Underage drinking is without a doubt a major concern on college campuses and law enforcement nationwide has been brainstorming ways to improve this dangerous problem. Various cities in Minnesota, including Minneapolis and Saint Paul, have passed the Social Host Ordinance Law in an effort to make harsher consequences for underage drinking. This law states that the blame will be placed upon one individual, the host of the party at which underage drinking is taking place. In the city of Minneapolis, the violator may be given up to a $1000 fine and 90 days in jail. In theory, this call to action seems like a good solution, but will it cause more problems? Many students claim they worry that the dangerous atmosphere of underage binge drinking will not decrease, but instead, become hidden, away from the public eye.
Minneapolis police hope this law will discourage people from providing locations for minors to drink and will in turn slowly drop the number of minors who choose to consume alcohol. It is very hard to give a citation to every minor at a party and the host ordinance gives police the ability to target the source of underage drinking in hope to decrease the problem. Other organizations aside from police are in favor of the new law, including Mothers Against Drunk Driving Minnesota. Jean Mulvey, a representative from this organization, told the Twin Cities Daily Planet that “it’s important to address the how and where the problem takes place, not simply what the problem is.”
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On the other hand, statistics prove that this law will not solve the problem of underage drinking but will in fact create more issues. Due to recent research we know the number of minors who binge drink is so remarkably high that we need to assume that the majority of them will still find locations to drink regardless of the law that was recently put into place. The Journal of Health Economics preformed multiple studies across the country to get an estimate on the impact the Social Host Ordinance law. After keeping track of traffic accidents and fatalities, the research team collected data from the Behavioral Risk Factor Surveillance System (BRFSS). While concentrating on the ages 18-20, they looked at answers to questions regarding binge drinking and drunk driving. Survey evidence did indicate that the Social Host Ordinance decreases drunk driving but it did not indicate that it reduces teenage alcohol consumption. In fact, the statistics indicated that the number of adults supervising teenage drinking is not decreasing but instead those adults are simply encouraging teenagers not to drive.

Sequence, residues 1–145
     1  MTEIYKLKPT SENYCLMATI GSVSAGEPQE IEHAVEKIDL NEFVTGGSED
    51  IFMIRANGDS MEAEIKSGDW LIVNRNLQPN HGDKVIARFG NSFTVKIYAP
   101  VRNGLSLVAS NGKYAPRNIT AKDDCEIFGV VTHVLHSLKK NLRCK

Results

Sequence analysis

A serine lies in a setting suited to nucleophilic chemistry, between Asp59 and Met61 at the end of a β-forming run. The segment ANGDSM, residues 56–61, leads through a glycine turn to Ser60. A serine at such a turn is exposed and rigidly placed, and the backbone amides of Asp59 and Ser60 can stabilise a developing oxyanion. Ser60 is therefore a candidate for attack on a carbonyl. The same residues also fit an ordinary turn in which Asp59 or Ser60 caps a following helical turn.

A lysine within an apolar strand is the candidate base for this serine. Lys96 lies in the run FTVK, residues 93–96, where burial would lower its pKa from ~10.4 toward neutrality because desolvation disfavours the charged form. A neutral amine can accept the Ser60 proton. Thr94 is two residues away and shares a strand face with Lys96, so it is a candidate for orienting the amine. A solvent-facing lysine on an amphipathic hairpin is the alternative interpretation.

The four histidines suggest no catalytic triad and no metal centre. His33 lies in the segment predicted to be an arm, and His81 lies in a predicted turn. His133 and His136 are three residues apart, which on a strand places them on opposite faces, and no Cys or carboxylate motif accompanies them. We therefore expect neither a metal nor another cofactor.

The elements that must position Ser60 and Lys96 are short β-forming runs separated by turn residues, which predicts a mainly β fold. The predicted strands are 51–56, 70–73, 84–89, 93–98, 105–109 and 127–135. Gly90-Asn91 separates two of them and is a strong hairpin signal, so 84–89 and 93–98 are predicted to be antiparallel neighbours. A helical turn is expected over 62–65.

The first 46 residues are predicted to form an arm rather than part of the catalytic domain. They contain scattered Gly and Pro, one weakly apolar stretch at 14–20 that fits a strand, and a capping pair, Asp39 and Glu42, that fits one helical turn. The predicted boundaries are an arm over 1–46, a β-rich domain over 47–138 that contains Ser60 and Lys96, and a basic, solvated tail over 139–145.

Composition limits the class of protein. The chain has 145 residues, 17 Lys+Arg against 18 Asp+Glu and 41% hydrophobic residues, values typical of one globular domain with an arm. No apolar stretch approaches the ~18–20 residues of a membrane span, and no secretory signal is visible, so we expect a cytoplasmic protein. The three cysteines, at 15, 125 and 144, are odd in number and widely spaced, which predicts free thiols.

Although this law may reduce driving fatalities, it will not decrease the number of underage drinkers. The Social Host Ordinance law will most likely create devastating long term effects including party hosts failing to dial 911 in an emergency in fear of getting into trouble. If underage drinking continues regardless of the new law, it will without a doubt become a secret due to the known consequences of getting caught. Someone in need of medical attention may not have that need met if the host requests that the phone call for an ambulance is not made. Hosts and guests are less likely to call for help in an emergency when they know the consequences of having the party in the first place are as high as the Social Host Ordinance states.
These concerns are not hypothetical but have in fact happened. A 17 year old boy in Chaska was recently dropped off by his friends at a gas station instead of the hospital in an effort to avoid Social Ordinance consequences.
It is unfortunate to see the large number of underage drinkers but it is also frustrating to watch law makers make the same mistakes in trying to solve the problem. More Minnesota laws on underage drinking continue to go into effect but have yet to solve the issue. Examples include “Kevin’s Law” which increased penalties on adults providing alcohol to minors from a gross misdemeanor to a felony and the “Not a Drop” Law which states a minor driving with any amount of alcohol consumed will be charged with DWI if operating a vehicle. The “Zero Adult Providers Law” is another no tolerance policy regarding alcohol distribution to teenagers. Harsher punishments and additional laws have not helped in the past and are unlikely to magically solve the problem now.
Students are not the only individuals on campus in doubt of the success of the social ordinance. Vice Provost for Student Affairs Jerry Rinehart told the Minnesota Daily, “I think that by itself, the social host ordinance isn’t going to dramatically change the neighborhood scene. I wish something would … make it more civil for the neighbors. We can always be optimistic, but I’m a realist, I guess.”
Police and law makers must step back and take a new approach to this serious concern. Strict laws and harsh punishment has simply not worked in the past to reduce underage drinking. The numbers are too high and impossible to control. You cannot “scare” minors out of breaking the law when the majority of students on a campus are choosing to drink. Perhaps we need to look at the bigger picture and take a step further to consider lowering the drinking age. The current means of punishment are not working. We need a better approach to promoting a safer environment for students.